Spike Milligan
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I loved you, and I probably still do, And for a while the feeling may remain... But let my love no longer trouble you, I do not wish to cause you any pain. I loved you; and the hopelessness I knew, The jealousy, the shyness - though in vain - Made up a love so tender and so true As may God grant you to be loved again.
Alexander Pushkin
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The wondrous moment of our meeting... Still I remember you appear Before me like a vision fleeting, A beauty's angel pure and clear. In hopeless ennui surrounding The worldly bustle, to my ear For long your tender voice kept sounding, For long in dreams came features dear. Time passed. Unruly storms confounded Old dreams, and I from year to year Forgot how tender you had sounded, Your heavenly features once so dear. My backwoods days dragged slow and quiet -- Dull fence around, dark vault above -- Devoid of God and uninspired, Devoid of tears, of fire, of love. Sleep from my soul began retreating, And here you once again appear Before me like a vision fleeting, A beauty's angel pure and clear. In ecstasy my heart is beating, Old joys for it anew revive; Inspired and God-filled, it is greeting The fire, and tears, and love alive.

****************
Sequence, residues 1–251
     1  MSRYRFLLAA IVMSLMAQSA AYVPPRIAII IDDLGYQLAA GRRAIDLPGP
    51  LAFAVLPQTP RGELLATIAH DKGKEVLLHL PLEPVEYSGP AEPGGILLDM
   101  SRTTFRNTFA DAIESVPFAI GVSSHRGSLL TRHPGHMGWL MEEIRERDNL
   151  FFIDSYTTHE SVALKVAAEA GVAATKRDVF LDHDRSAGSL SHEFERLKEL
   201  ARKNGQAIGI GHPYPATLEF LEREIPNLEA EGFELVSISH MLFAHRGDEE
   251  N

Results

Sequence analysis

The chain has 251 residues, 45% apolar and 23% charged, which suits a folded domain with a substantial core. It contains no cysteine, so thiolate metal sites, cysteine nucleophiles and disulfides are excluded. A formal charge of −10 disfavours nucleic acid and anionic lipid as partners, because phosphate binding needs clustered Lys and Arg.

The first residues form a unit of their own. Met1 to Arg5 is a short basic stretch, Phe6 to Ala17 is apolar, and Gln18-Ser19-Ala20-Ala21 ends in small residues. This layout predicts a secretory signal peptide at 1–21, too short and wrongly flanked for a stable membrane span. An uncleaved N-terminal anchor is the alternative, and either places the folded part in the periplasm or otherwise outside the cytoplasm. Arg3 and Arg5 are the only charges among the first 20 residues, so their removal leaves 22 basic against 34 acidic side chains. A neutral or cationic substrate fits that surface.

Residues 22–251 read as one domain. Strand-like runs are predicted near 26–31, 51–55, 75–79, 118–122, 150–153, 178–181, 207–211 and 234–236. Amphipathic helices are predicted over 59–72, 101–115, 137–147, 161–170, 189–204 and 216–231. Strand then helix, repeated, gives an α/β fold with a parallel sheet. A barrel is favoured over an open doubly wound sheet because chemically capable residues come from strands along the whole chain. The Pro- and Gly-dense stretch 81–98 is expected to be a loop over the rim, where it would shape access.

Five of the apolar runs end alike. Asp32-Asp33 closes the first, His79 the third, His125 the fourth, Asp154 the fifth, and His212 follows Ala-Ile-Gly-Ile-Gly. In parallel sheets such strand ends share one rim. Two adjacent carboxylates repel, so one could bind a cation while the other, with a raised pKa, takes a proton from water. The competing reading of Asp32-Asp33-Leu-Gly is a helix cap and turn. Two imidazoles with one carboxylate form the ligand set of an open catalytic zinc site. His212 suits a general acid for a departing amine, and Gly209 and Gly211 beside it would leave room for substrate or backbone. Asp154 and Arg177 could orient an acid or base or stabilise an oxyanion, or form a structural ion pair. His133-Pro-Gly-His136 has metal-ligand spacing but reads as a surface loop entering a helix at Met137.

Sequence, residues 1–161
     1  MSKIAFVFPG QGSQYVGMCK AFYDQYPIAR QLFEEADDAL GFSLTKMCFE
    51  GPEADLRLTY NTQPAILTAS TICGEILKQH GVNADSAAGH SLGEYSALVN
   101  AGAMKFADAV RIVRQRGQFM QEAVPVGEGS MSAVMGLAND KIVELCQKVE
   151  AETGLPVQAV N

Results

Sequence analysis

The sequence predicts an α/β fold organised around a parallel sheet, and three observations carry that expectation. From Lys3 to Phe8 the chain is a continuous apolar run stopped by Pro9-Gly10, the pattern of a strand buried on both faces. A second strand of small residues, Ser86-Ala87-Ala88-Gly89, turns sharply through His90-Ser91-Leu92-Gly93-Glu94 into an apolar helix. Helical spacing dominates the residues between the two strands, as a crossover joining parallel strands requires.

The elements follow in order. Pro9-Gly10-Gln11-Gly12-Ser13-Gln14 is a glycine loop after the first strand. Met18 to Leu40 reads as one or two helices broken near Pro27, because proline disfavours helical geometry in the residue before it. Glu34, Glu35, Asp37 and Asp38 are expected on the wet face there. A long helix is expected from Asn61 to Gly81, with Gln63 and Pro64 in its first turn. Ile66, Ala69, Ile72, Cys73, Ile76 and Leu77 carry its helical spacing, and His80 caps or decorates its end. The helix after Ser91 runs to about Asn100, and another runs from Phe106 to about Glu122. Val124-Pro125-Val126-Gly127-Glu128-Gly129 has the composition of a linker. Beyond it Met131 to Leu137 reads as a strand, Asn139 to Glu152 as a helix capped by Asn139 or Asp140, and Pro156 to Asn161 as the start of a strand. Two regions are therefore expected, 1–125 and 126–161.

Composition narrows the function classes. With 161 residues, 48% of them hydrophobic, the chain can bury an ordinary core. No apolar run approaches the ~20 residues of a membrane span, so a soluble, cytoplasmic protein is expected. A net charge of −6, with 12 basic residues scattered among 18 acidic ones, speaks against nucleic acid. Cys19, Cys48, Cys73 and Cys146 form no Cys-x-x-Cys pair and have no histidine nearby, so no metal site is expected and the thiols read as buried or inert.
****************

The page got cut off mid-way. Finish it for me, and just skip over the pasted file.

Alexander Pushkin
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Khalil Gibran